My initial thoughts on using Google Instant are that we have another example of an engineer creating a solution in search of a problem.
I notice certain naysayers are already predicting the death of SEO, I won’t bother to link to the clumsy self-important bait but I will counter than SEO fundamentally hasn’t changed in years and it isn’t likely too because of Google Instant.
Search Engine Optimisation will still be required to help get sites to the top of the listing and having an Ajaxy interface doesn’t alter that. What will change though is the users’ behaviour. We can’t predict how, but it may well be that users become familiar with Google suggesting the best query and therefore less likely to enter unique searches that don’t have much in the way of corresponding advertising inventory.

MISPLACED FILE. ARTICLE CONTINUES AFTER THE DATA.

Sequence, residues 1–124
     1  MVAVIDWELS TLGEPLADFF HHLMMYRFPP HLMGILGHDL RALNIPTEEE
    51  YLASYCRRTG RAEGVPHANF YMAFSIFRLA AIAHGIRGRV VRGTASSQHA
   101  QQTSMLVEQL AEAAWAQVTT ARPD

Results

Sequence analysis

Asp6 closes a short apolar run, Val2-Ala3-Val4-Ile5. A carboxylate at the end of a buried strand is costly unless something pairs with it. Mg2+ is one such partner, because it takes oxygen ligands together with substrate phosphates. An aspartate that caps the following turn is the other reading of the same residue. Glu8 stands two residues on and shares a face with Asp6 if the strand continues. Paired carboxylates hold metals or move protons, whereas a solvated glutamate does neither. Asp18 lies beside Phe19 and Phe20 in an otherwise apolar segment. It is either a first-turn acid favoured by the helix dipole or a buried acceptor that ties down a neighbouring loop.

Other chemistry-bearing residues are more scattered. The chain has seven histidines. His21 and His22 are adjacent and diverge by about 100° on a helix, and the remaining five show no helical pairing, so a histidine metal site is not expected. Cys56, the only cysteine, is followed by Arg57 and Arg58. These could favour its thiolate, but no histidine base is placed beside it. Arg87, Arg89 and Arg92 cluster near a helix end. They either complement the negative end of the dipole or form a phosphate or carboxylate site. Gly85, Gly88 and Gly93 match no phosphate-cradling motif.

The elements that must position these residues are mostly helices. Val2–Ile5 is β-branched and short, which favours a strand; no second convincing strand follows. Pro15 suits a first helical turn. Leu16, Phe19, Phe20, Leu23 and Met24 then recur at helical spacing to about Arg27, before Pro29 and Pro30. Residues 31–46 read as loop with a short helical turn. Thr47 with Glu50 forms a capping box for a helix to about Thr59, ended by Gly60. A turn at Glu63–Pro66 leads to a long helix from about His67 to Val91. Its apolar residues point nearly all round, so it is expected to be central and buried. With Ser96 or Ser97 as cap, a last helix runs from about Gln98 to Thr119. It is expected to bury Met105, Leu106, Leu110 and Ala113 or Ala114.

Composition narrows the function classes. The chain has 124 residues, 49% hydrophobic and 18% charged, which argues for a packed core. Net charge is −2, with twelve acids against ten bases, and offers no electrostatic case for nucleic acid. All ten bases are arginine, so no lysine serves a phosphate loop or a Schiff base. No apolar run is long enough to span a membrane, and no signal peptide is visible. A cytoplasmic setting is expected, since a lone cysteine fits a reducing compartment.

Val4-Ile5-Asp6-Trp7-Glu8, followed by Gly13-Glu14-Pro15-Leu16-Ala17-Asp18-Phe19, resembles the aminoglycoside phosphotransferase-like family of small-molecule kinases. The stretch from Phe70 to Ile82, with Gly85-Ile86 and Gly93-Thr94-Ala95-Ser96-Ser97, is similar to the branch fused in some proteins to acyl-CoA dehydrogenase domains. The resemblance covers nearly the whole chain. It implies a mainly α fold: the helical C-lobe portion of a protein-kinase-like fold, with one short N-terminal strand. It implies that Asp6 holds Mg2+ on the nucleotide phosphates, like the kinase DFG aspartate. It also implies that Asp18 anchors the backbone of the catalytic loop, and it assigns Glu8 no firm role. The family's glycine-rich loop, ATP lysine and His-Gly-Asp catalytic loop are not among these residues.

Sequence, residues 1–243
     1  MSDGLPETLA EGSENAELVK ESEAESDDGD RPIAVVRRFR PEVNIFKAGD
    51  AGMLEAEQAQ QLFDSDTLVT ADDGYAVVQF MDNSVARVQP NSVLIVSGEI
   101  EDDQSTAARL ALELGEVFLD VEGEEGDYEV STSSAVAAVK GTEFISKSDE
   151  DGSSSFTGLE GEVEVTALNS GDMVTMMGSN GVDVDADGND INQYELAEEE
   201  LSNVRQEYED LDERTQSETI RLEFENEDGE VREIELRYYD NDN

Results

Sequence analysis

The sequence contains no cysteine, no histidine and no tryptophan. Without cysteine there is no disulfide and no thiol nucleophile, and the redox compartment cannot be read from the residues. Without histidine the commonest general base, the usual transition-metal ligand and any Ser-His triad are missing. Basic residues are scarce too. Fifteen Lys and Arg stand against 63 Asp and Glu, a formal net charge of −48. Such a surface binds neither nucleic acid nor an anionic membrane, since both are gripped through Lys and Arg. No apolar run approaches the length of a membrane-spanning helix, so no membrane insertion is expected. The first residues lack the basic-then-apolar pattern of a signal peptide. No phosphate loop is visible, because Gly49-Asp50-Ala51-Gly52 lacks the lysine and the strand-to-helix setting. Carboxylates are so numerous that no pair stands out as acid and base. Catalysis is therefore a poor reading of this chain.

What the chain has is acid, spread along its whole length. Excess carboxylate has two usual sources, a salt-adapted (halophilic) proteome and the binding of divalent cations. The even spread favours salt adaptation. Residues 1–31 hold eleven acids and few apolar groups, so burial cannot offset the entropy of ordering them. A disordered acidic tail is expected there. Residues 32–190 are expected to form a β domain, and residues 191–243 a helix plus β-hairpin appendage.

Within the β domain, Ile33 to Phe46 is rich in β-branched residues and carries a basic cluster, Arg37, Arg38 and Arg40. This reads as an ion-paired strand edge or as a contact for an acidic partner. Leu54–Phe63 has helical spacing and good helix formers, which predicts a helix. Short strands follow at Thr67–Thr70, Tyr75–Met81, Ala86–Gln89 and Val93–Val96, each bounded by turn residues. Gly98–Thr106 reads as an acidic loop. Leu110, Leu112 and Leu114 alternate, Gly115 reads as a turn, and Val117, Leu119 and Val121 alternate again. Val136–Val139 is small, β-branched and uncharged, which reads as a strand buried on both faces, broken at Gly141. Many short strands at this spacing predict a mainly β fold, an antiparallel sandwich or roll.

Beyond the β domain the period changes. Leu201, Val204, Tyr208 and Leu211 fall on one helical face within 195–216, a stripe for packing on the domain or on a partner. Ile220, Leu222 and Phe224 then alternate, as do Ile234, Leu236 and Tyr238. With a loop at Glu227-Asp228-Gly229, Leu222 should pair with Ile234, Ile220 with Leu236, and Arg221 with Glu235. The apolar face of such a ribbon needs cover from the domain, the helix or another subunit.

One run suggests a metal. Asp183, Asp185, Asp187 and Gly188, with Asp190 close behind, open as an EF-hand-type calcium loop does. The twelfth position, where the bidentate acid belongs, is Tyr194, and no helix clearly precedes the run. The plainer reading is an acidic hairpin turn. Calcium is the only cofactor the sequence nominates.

And that is the core of this update to me. This isn’t a usability factor. Personally I find the updating as I type off-putting, I’m sure many others will too, but losing a small percentage of visitors to Bing or Blekko isn’t a problem for Google as it will monetise the searches from remaining users even more effectively.
Another interesting aspect is just what it will do to AdWords search volumes and prices for broad match; root phrases will likely skyrocket in volume if Google decide to report the partial view in the AdWords statistics. That’s bound to attract more end user advertising pushing up the price at auction.
Finally how many people even will notice this? I mainly use the address bar in Google Chome to search. I’m a seasoned searcher and tend to enter very specific long tail phrases to start with. If I’m not in Chrome then I’ll use the Firefox search box, again avoiding the main Google search page. When I do actually go to Google I get the iGoogle home page. I’ll only get the Instant effect on subsequent searches.